Skagit County residents may have had to improvise Monday — but they didn’t let the COVID-19 pandemic stop them from marking Memorial Day with quiet, respectful tributes.

West of Mount Vernon, the Skagit County Master Gardeners had a “drive-by” tribute to those killed in war.

Making an adjustment to a tradition the organization has had for several years, 31 people drove in their cars past elm trees planted along Memorial Highway in honor of county residents who died in World War I.

As they drove by, those in the cars tossed flowers — including red poppies, a longtime symbol of World War I’s dead — near the trees.

Skagit County Master Gardener Dave Buchan said event organizers had to change their more traditional in-person tribute due to restrictions on large gatherings.

“Because of COVID we weren’t sure how to do it,” Buchan said. “Al (Call) came up with idea of drive-by and people responded to it.”

Call, an Army veteran, said, “This year, because of the virus, we decided to do something new. There were a lot of positive comments from people who participated. Even those who couldn’t make it were positive about us taking the initiative even though we couldn’t do the traditional ceremony.”

He said, “No speeches were given, no psalms were recited, no music was played ... just a quiet, respectful drive-by.”

Over the past few years, the Master Gardeners have assisted in the effort to plant 50 trees along Memorial Highway.

There were originally 180 planted along the highway to honor Skagit County soldiers and sailors killed in World War I. Most of the originals were removed during a road-widening project, and only one of those originals is still standing.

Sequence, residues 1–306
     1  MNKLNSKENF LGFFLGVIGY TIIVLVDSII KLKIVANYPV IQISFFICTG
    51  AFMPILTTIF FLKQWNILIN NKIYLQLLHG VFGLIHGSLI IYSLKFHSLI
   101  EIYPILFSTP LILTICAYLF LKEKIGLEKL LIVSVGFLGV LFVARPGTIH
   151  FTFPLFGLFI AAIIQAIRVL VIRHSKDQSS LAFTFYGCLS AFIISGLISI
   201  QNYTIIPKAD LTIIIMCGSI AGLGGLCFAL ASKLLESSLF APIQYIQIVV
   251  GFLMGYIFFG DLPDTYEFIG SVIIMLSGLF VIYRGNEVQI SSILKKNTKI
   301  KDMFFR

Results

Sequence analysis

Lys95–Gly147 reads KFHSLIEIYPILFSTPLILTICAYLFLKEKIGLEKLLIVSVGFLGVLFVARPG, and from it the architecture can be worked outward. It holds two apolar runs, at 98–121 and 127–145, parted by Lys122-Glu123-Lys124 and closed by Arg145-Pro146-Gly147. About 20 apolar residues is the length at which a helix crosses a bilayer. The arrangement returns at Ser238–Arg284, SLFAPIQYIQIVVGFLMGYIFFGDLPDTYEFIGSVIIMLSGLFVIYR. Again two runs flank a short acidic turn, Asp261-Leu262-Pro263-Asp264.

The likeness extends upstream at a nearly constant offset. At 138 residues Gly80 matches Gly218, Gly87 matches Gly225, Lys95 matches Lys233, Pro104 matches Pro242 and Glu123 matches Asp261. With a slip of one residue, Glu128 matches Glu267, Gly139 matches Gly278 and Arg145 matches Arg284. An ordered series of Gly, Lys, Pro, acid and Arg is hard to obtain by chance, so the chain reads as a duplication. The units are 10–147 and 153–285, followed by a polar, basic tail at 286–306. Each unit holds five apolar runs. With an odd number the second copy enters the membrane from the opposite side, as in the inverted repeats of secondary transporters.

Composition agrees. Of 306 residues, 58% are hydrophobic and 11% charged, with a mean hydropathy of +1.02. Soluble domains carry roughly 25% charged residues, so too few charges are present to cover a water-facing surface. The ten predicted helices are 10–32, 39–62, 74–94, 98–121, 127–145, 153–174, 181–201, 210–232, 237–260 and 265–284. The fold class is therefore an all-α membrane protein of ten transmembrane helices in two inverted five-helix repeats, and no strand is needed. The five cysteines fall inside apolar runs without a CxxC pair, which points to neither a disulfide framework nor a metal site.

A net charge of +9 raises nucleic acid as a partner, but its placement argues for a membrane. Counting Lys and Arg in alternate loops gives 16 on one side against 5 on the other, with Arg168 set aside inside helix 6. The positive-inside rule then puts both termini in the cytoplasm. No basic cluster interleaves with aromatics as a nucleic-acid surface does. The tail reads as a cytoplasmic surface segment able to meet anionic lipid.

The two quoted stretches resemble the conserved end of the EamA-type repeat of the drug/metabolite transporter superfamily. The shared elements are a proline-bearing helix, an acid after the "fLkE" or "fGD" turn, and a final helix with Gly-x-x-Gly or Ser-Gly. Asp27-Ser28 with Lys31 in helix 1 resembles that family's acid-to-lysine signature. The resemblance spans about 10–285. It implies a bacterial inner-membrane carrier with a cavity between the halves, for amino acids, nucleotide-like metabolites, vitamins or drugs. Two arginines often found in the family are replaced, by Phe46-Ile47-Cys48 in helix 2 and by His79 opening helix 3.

At Mount Vernon Cemetery, a small Memorial Day service was held in the afternoon.

Though COVID-19 prevented the public from being invited, video from the service was to be posted Monday night on the Kern Funeral Home website and Facebook page.

At Union Cemetery in Sedro-Woolley, Mayor Julia Johnson and four members of American Legion Post 43 laid a wreath, performed taps and fired three shots to honor military veterans.

“We were all in agreement, those of us that were there, that we just couldn’t let Memorial Day go by without honoring all those who have served and all those who have given their lives in service,” Johnson said following the small ceremony.

Upwards of 100 observers usually take part in Memorial Day ceremonies at the cemetery, where a plaque reads “A nation that honors its veterans is a nation dedicated to the preservation of a freedom won by the sacrifice of life itself.”

The small ceremony was not publicized in order to respect Gov. Jay Inslee’s orders prohibiting large gatherings.

— Reporter Kimberly Cauvel contributed to this report.

Reporter Trevor Pyle: 360-416-2156, tpyle@skagitpublishing.com, Twitter: @Sports_SVH, Facebook.com/bytrevorpyle

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